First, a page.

Your hands and feet are prime targets for eczema triggers like dry winter air or hot summer days. And flares on your fingers and toes can be itchy and painful. So give these parts of you a little extra TLC.
Cut Back on Hand Washing
Wash your hands only when they're dirty or have germs, like after you use the bathroom. Each time you wash up, you rinse away some of the nourishing oils that your skin makes.
Also, be picky when you choose soaps, because some have harsh chemicals. Look for products that don’t use the word “soap” but instead say “mild cleansing bars” or “lipid-free cleansers.” These are gentler on sensitive skin.
Before you suds up, take off your rings -- they can trap irritants next to your skin. Rinse your hands with lukewarm water, then pat them dry and moisturize before you put your rings back on.
Love the Gloves -- for a Little While
Use protective, cotton-lined gloves when you’re doing housework or using cleansers and chemicals. Latex gloves can cause allergic reactions, so it’s best to avoid them. Don’t wear waterproof gloves for too long, though. They can make your hands sweat and lead to an itchy eczema flare-up.
Manage Cracks on Your Hands
If a flare-up makes the skin on your hands crack and bleed, try the “soak and smear” technique.
- Soak your hands in lukewarm water for 5-10 minutes and then pat them dry.
- Next, smear plain petroleum-based ointment all over your hands and put on cotton gloves. Glycerin-based ointments also help heal dry, cracked skin.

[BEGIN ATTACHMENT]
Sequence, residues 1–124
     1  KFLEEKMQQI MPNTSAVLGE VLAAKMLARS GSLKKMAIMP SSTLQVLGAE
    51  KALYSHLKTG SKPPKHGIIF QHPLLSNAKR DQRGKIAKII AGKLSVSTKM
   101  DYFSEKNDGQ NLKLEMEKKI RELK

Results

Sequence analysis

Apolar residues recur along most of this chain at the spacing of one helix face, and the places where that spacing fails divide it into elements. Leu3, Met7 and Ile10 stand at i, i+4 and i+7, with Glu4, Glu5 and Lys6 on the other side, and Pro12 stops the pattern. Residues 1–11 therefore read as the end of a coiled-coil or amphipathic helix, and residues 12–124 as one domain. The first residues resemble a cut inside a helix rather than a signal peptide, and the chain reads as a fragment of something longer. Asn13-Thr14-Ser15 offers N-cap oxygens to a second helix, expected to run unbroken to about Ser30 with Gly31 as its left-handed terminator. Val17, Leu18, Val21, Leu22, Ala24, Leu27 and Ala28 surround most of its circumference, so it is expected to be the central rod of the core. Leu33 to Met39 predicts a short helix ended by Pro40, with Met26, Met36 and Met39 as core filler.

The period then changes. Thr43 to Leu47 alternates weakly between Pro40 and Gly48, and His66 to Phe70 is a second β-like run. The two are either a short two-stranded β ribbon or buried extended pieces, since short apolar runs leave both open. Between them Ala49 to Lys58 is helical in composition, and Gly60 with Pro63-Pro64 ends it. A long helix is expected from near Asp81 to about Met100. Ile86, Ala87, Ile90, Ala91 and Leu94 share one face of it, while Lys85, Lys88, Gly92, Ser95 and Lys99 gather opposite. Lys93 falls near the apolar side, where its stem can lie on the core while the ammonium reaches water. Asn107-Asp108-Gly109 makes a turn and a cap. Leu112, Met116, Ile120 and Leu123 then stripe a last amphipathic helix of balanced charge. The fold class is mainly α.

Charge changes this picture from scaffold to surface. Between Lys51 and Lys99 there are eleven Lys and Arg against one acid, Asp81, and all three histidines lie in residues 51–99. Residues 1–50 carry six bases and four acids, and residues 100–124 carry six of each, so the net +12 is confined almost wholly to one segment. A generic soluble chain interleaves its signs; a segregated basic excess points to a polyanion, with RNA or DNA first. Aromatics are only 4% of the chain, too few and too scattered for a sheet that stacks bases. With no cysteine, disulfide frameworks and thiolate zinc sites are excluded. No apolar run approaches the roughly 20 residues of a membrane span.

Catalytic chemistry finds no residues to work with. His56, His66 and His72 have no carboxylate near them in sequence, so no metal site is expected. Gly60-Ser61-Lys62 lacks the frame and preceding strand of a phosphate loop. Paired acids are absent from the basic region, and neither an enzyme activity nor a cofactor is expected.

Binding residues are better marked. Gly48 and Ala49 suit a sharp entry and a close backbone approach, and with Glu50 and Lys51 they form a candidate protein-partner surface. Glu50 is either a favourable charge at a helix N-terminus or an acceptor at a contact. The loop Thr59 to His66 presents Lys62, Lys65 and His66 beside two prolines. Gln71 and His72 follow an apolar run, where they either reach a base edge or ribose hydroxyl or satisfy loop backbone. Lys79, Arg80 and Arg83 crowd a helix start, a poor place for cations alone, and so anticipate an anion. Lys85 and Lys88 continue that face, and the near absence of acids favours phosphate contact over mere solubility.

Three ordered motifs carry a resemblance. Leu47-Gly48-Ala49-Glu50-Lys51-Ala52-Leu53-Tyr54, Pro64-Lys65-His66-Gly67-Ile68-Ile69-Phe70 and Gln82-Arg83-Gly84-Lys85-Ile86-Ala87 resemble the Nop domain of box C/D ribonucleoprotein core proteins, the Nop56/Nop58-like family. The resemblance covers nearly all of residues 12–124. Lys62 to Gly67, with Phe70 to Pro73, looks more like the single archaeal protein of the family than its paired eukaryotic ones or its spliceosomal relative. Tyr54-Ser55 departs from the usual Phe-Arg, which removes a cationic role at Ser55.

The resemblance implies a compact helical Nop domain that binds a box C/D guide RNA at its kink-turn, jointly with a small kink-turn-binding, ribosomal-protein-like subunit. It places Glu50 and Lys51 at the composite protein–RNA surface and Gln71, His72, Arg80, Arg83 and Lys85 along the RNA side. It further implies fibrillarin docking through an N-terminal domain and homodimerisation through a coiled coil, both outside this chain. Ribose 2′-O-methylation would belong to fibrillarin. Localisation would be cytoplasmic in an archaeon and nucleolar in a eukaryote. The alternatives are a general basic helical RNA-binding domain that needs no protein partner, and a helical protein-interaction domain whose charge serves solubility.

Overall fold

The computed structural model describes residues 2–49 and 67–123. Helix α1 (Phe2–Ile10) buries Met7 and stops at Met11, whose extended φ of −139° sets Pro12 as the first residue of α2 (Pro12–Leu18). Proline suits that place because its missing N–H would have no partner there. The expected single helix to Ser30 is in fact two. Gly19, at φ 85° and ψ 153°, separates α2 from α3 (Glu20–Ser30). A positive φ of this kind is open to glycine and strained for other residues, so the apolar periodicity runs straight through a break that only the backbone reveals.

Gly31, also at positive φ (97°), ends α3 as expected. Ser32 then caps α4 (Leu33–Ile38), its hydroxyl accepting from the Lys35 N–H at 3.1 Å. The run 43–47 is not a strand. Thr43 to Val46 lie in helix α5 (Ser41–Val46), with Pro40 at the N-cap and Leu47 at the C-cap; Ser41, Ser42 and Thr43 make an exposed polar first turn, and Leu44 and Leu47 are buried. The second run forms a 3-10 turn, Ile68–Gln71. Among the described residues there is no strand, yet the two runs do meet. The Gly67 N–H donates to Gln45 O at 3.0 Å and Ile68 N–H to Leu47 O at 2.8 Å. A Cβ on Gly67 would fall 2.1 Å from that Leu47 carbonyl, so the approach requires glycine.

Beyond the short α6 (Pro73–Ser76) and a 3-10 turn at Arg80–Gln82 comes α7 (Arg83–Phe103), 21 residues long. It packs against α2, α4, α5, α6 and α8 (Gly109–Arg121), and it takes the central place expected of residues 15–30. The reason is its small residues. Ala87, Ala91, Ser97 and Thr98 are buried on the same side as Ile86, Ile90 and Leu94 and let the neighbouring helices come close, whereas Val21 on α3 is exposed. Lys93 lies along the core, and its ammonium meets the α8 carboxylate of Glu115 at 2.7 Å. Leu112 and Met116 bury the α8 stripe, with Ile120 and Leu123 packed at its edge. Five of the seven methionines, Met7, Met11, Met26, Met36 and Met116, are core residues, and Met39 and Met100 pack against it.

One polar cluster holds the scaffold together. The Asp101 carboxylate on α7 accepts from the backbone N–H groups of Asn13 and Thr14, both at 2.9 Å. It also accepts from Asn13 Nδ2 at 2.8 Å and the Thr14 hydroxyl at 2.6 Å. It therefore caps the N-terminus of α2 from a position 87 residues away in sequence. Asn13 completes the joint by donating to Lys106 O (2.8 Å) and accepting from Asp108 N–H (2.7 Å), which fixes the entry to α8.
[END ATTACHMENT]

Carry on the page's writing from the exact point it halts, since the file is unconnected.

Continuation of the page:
- Wear the gloves for at least 30 minutes.
Do this twice a day. If it’s hard to do at work, make sure you moisturize often.
Dial Back the Shower Power
A long, hot shower may sound like your idea of heaven, but it's anything but paradise for your hands and feet. Instead take short, lukewarm showers each day or every other day to help prevent dry skin. Use mild, soap-free cleansers or body washes that have moisturizer.
After your shower, pat your skin dry. Apply a rich moisturizer while you’re still slightly damp. Look for cleansers and moisturizers that are “fragrance free” -- ingredients that give products a scent can trigger eczema flare-ups.
Save Your Soles
Are your feet often dry and itchy? Your socks may be to blame. Synthetic fabrics and wool can irritate your skin. For everyday wear, choose 100% cotton socks, preferably ones that have not been dyed. Also, change your socks a couple of times during the day if your feet sweat. Damp socks can make eczema worse.
For evenings and work attire, try silk stockings and cotton tights. Avoid spandex, which has dyes and chemicals that can bother your skin.